Efficient and effective communication strategies for schools and districts to connect with families during COVID-19

Expert Insight

Efficient and effective communication strategies for schools and districts to connect with families during COVID-19

In these times of uncertainty, school and district leaders are working hard to keep their school communities well-informed about the COVID-19 outbreak, resulting policies, and current guidelines. To quickly and effectively do so, school and district leadership must execute crisis communication basics with fidelity. EAB researchers outline four strategies below to help leadership execute those basics and equip families with the right information at the right time.

1. Create a centralized communications team to own external communications

Effective crisis communication demands nimble collaboration between leaders with relevant expertise and clearly defined ownership of the process for crafting and distributing messages. A centralized and dedicated external communications team will help your school or district maintain consistent messaging and ensure your school or district can swiftly send out communications in response to this rapidly developing situation. Those appointed to the team must possess:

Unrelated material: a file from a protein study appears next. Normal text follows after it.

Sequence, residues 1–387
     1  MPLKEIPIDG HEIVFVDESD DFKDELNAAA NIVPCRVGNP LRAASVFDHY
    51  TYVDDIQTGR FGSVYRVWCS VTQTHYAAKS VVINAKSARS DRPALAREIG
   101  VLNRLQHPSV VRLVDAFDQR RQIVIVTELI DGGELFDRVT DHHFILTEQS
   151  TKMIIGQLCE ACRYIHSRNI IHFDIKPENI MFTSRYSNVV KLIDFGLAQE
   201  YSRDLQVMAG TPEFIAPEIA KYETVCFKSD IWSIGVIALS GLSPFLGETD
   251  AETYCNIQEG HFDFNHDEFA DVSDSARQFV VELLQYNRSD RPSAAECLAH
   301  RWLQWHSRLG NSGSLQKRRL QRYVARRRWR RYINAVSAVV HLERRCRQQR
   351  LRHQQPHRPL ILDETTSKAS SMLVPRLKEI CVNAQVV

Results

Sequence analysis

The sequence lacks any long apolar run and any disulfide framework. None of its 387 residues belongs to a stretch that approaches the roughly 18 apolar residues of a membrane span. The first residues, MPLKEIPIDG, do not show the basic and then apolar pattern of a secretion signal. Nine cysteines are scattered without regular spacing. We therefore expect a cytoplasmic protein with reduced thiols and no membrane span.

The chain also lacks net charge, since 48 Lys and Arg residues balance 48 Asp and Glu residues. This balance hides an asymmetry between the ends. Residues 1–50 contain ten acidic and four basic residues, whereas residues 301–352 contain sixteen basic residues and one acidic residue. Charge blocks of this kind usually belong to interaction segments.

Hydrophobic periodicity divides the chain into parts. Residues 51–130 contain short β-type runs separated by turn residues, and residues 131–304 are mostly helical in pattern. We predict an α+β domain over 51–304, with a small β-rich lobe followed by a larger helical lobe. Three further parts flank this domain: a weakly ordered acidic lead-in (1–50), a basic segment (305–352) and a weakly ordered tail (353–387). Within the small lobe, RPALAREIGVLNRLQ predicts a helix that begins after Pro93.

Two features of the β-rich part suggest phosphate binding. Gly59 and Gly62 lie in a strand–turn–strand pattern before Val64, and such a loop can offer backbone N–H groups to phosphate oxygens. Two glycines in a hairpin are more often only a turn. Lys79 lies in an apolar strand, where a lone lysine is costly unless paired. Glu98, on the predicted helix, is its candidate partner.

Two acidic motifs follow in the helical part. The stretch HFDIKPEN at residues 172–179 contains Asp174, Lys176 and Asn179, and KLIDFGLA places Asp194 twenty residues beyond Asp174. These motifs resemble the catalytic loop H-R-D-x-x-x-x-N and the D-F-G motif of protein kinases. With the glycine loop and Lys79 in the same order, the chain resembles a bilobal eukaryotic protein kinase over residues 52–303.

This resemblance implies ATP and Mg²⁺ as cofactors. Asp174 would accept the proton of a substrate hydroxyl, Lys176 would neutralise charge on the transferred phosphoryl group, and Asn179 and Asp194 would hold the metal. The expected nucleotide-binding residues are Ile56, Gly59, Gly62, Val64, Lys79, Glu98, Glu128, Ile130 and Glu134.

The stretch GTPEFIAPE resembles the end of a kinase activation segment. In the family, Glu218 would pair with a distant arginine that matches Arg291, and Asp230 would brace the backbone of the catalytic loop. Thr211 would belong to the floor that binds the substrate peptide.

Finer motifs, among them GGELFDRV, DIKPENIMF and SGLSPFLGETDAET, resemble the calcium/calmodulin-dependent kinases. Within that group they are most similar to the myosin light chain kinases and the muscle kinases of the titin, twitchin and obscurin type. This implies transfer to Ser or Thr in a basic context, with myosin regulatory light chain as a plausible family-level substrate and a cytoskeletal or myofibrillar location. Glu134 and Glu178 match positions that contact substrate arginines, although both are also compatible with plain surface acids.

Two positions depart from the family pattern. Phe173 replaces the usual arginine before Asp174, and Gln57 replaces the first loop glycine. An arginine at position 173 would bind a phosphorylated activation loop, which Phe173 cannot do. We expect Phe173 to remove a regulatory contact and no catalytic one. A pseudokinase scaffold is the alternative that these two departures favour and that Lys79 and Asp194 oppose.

• A clear understanding of school/district operations
  • Expertise in crafting external communications
  • Relevant domain expertise. Healthcare subject matter expertise is required at this time, so be sure to partner with a local health officials if your school/district does not have a healthcare expert in-house.

2. Send updates to families through multiple channels every 1-3 days 

Many of our partners want to know how best to structure their external communications: how often to publish updates, how to ensure the broadest possible reach, and what to include in each message. EAB researchers audited communications from dozens of schools and districts and found that the most effective communications teams distribute updates that summarize relevant COVID-19 information and their school/district’s response through multiple channels every 1-3 days. It is essential to provide consistent information across your website, through email, and across multiple social media platforms. Further, consider additional blasts through robocalls, texting, or local media to point community members to updates and resources on your website and social media.